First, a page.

“Having highly skilled technical support available is essential. We won’t work without this. We’re in regular contact with the local Acer partner up here in Queensland and trust they will be available to us whenever we need them.”
Collaborating on cybersecurity and e-safety
According to Rod, being invested in schools on an individual level, and all year round, is another key point of difference when it comes to what Acer provides. And Acer’s evolving role as supplier turned collaborative partner is apropos to the relationship the company has with various schools around the country. It is also further exemplified by Acer’s perspective on issues such as e-safety and cybersecurity.
“If you look at the history of Acer, our function in the ecosystem was to make and deliver hardware and originally that’s where it stopped. As we’ve evolved organically and made products more robust and fit for purpose in the education sector, it’s only natural in the world we live in today that we help and address the security aspect,” he explained in the video panel discussion on Vendor Support9.
“Not to say schools aren’t doing this in their own right but it’s a point of difference to Acer. We’re not just that laptop that arrives once a year, we have a holistic relationship with our schools that lasts 12 months a year, and this allows us to address some of these larger issues head on and come up with solutions that we can all benefit and grow from as a community.”
Rod cited Acer Computer Australia’s relationship with technology provider Acurus as an example where Acer had gone beyond the supplier-model and into the bounds of a facilitator who collaborates with other parties to the benefit of schools.
CEO and co-founder of Acurus, Marshall Thompson, explained that Acurus provides Acer with a free CIS (Computer Information System) benchmark tool to run security scans for schools on their operating environment.
“Acer and Acurus are both passionate about the safety of end users, and the safety of end user devices such as the Acer laptop fleets,” he said in the ‘Acer for Education’ video panel discussion on Vendor Support10.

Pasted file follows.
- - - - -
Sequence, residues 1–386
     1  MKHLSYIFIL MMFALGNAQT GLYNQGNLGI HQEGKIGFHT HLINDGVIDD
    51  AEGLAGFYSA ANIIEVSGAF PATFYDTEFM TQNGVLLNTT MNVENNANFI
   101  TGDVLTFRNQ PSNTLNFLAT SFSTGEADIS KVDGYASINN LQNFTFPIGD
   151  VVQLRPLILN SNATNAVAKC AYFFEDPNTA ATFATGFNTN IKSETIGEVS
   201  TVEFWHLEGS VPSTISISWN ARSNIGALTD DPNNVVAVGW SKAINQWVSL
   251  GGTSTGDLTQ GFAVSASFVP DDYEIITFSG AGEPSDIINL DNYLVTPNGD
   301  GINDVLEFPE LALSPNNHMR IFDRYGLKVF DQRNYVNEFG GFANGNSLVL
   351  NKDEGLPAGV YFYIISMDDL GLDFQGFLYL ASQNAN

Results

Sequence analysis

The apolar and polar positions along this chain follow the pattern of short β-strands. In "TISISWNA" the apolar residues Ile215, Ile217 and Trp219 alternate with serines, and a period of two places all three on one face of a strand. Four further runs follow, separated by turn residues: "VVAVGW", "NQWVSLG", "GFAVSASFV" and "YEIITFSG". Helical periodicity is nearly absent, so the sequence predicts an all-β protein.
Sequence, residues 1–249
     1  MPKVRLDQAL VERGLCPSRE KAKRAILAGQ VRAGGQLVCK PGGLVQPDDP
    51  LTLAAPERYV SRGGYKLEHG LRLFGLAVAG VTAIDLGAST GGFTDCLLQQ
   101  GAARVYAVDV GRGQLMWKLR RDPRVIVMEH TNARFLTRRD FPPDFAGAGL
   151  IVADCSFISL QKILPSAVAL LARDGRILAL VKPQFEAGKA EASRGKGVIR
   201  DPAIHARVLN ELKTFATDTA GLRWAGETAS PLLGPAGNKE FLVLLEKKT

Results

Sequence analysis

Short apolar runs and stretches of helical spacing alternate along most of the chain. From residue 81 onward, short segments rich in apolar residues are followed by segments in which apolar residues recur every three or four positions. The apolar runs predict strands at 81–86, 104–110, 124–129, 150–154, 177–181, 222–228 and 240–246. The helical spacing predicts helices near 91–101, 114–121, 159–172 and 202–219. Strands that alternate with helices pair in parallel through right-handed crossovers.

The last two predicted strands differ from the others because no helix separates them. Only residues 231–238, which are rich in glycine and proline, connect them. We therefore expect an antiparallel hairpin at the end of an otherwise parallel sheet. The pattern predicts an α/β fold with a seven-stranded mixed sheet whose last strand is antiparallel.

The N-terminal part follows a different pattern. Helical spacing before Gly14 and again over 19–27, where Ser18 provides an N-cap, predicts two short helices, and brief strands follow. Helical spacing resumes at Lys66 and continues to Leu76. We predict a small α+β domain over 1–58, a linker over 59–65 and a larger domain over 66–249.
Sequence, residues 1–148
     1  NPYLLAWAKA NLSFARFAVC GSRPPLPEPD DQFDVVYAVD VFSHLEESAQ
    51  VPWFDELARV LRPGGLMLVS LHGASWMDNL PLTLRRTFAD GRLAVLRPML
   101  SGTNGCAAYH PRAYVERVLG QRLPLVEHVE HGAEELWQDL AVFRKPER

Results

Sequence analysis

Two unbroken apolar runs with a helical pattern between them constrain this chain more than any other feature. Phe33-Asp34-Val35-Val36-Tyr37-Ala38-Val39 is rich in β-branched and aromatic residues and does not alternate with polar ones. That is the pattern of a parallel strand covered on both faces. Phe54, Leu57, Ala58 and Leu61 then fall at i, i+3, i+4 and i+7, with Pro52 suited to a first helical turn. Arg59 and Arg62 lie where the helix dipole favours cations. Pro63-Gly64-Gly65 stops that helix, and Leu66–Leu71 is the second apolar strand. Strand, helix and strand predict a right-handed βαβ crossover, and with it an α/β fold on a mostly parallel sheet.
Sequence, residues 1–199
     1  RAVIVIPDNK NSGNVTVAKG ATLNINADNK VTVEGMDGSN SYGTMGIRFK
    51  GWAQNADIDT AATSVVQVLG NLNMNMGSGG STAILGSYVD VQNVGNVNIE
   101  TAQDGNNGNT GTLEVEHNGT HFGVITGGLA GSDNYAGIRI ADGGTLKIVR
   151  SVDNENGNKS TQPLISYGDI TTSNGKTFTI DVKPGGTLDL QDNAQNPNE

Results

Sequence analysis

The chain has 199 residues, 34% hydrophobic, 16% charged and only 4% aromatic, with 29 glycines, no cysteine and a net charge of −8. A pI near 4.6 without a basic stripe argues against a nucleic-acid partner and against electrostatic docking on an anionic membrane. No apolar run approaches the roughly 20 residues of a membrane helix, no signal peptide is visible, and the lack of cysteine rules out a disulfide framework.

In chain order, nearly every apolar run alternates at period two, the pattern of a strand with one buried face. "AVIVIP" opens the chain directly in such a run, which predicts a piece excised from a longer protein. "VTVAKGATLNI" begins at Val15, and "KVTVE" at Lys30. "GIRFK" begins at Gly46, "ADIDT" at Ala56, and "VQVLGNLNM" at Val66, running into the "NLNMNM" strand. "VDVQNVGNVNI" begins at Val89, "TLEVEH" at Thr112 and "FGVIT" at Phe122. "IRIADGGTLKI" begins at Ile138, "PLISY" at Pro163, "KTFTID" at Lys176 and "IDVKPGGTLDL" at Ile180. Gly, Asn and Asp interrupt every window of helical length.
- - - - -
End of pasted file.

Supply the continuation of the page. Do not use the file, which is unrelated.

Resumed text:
“So, if a school is about to purchase an Acer fleet, we’ll take their standard operating environment and run a scan on that, and provide them with a score. We’ll then provide recommendations to improve their security based on that score. It’s a proactive step in securing the environment from the start when they roll out the devices to students.”
Furthermore, Rod said the collaboration with Acurus meant that schools could benefit from the cybersecurity learnings of private enterprise.
“It’s certainly energising as a vendor to educate ourselves on some of the solutions and techniques out there and available for corporate enterprise. Through our relationship with Acurus we’ve been able to take some of those key learnings and collaborate jointly with schools to bring them to the foreground.”
Additionally, Acer can work with schools to customise their fleet of devices with pre-loaded security software. Rod expanded on this in an E-Safety video panel discussion in the ‘Acer for Education’ video series11.
“A significant number of schools that Acer supplies to, such as Loreto College Coorparoo and Ipswich Girls Grammar School, will have their own layers of security and uniquely customised operating environment which Acer loads in-country on their behalf,” Rod explained.
“There are other products we can load into our devices as well. For example, the Department of Education in Queensland goes down the pathway of Computrace, a propriety laptop theft software. This includes features such as the ability to remote lock a device if it’s stolen or lost, or being able to remotely delete files or locate a device. So that’s something that department has embraced and has been running for years now to increase their security.”
As educators continue to navigate the digitalised learning pathway, collaboration with technology partners such as Acer is essential to their success. Acer Computer Australia has evolved from a supplier of hardware technology into a holistic facilitator and partner to schools.
By collaborating together on common goals, such as student safety and improved online learning, educators and technology providers can bring about positive change and significant benefit to entire schooling communities.